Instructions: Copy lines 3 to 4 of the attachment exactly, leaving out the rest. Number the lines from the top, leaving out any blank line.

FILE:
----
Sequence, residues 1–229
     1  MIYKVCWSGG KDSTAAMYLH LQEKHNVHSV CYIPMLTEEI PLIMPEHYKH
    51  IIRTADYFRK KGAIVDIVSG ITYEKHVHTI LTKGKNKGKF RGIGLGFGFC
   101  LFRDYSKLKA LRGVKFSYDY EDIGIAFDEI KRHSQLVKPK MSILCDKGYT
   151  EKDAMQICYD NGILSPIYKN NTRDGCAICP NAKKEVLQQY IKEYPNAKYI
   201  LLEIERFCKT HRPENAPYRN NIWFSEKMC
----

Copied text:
    51  IIRTADYFRK KGAIVDIVSG ITYEKHVHTI LTKGKNKGKF RGIGLGFGFC
   101  LFRDYSKLKA LRGVKFSYDY EDIGIAFDEI KRHSQLVKPK MSILCDKGYT